The league researched, raised funds and purchased several tubs of shoes. Members showed up at the school and fit each student with a new pair of shoes as part of their KICS (Kids In Cool Shoes) program. 

“Those are the types of things we do that you don’t hear as much about. Fundraising events like Mistletoe & Moss are fun, but this is the kind of work we do most as league members. It’s incredibly rewarding,” says LaFargue. 

Mistletoe & Moss is one of three annual fundraising events. In its 10th year, Mistletoe & Moss raised $109,000, allowing for the funding and staffing of five different community projects.

“We’re talking a lot about what we do and how we give, but it’s not all give. We receive leadership training and professional and personal development through our work in the league.” 

Part of the group’s efficiency can be attributed to the committees they form and their methods of organizing. 

The president-elect trains under the standing president for an entire year. Once the new president steps into her role, the past president takes a year-long sabbatical. This tradition ensures a smooth transition of power. “The sabbatical means members aren’t inadvertently coming to the previous president to answer questions. It gives the new president the space to find her own way and methods.”

In the past, perception of Junior League members has been that of a pearl wearing, well-to-do woman. LaFargue says the community is starting to see members more accurately now. Most members are juggling a career and family as well as their responsibilities within the league. LaFargue says this is a recent shift she’s observed since she first joined in 2016 when, “the majority of members were mothers who stayed home to raise children. Our founding members are probably rolling over in their graves at the way we come dressed to meetings now.”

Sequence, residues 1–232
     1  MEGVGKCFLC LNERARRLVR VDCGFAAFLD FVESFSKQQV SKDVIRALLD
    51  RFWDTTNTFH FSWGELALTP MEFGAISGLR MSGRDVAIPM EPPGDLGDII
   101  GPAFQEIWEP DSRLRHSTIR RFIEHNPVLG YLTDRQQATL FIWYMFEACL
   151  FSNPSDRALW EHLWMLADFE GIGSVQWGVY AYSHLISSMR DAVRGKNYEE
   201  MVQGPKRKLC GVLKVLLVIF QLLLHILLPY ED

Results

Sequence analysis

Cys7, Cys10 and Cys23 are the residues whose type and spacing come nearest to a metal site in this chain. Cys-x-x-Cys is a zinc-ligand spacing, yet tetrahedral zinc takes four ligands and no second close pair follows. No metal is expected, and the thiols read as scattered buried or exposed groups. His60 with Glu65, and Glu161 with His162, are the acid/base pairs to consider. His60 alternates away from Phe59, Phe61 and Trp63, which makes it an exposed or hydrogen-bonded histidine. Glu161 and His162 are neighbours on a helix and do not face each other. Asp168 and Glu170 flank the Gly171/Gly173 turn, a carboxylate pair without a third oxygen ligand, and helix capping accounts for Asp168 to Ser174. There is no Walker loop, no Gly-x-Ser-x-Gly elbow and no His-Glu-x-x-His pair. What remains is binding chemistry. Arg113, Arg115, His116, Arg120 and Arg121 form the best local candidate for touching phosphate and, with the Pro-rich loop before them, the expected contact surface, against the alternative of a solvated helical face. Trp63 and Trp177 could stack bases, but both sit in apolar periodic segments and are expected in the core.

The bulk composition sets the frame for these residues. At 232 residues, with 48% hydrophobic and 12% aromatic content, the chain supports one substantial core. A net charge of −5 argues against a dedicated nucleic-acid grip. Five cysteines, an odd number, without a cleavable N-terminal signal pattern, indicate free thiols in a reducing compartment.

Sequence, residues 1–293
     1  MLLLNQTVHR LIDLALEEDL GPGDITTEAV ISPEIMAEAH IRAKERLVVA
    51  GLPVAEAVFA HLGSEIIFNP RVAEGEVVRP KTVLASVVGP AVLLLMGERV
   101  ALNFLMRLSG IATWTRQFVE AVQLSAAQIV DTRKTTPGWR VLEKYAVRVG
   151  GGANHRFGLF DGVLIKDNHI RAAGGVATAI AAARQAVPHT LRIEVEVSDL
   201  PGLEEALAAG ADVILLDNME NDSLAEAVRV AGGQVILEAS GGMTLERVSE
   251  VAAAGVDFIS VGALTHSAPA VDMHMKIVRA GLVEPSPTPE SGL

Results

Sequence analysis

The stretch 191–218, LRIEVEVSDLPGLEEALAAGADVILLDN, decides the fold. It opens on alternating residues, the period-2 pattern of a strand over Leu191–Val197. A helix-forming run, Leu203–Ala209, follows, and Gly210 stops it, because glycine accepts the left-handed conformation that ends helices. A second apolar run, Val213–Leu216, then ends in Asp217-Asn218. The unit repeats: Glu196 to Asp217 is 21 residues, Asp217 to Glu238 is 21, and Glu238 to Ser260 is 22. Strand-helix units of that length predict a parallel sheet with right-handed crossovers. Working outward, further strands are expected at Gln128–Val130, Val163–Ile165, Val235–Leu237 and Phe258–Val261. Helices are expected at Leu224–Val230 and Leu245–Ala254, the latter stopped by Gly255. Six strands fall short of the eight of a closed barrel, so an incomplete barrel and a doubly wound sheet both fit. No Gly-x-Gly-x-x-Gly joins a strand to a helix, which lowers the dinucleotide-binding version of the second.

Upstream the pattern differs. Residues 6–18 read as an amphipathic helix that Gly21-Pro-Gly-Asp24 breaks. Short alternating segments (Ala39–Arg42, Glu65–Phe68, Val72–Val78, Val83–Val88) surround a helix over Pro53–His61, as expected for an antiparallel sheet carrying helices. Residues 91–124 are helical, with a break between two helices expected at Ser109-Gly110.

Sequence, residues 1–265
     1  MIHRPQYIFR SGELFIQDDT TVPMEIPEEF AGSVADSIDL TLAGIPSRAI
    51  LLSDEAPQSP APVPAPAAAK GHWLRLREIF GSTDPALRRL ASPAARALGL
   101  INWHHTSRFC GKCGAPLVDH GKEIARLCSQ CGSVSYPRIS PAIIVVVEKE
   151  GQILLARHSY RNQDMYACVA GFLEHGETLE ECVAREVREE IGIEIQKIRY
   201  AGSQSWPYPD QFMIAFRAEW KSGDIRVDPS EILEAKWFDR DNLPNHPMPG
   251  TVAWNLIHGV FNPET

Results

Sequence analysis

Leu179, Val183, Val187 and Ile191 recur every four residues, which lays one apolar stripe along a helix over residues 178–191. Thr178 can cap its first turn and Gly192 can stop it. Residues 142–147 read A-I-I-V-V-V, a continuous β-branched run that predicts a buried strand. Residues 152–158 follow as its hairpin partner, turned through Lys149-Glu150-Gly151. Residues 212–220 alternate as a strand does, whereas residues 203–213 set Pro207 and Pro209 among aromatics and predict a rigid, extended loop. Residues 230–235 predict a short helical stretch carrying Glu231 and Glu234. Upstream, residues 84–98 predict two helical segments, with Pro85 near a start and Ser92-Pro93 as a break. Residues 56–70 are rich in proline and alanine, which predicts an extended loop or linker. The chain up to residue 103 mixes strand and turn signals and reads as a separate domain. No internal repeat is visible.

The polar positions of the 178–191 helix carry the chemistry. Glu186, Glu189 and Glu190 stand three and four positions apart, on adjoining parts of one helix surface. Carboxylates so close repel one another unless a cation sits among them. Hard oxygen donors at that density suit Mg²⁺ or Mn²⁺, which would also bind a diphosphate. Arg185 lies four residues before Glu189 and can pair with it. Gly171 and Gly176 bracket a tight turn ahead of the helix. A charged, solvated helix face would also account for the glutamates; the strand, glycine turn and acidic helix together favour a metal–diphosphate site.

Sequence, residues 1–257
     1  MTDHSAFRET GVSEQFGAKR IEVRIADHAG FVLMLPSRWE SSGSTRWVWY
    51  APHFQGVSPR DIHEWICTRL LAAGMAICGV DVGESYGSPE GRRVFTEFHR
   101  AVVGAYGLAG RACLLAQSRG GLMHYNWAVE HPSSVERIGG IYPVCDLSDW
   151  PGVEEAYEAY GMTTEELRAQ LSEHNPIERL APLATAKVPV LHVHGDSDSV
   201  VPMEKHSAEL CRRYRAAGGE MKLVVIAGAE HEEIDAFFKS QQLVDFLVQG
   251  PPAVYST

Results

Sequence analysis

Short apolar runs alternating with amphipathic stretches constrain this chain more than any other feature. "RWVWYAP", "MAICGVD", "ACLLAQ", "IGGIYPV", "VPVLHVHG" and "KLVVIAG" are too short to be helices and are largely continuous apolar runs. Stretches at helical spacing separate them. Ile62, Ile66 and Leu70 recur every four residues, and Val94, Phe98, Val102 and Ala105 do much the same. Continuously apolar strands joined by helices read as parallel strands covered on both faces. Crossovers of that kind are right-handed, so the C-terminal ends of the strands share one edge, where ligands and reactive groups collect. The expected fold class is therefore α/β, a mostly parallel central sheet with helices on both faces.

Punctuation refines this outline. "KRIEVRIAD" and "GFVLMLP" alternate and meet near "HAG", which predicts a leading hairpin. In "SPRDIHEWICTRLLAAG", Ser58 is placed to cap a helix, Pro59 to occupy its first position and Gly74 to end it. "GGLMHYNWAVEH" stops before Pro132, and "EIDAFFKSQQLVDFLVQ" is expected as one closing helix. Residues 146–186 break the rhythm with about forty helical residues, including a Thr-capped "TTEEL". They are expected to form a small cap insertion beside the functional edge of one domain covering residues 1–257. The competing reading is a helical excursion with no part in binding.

LaFargue says league members were better dressed back then, but they’ve always been scrappy, willing to do whatever was needed to help the community. She recounts a group of members that brought children to a Westlake tonsil removal clinic by flat bottom boat. “They may have been wearing pearls while they did it, but they were getting things done.” Another change in the league has been a shift towards a more diverse group of women. “When you look back at old photos all of the women look the same, but we’re a more diversified group now.”

LaFargue says meaningful community impact is front of mind for members. In 2020, after a year of COVID-19 and natural disasters, members organized blood drives, passed out candy for Halloween, handed out turkeys for Thanksgiving and gave out trees and decorations for Christmas. 

At every meeting members pray, “Grant us the joy of filling someone’s need.” For more information on the Junior League of Lake Charles visit jllc.net.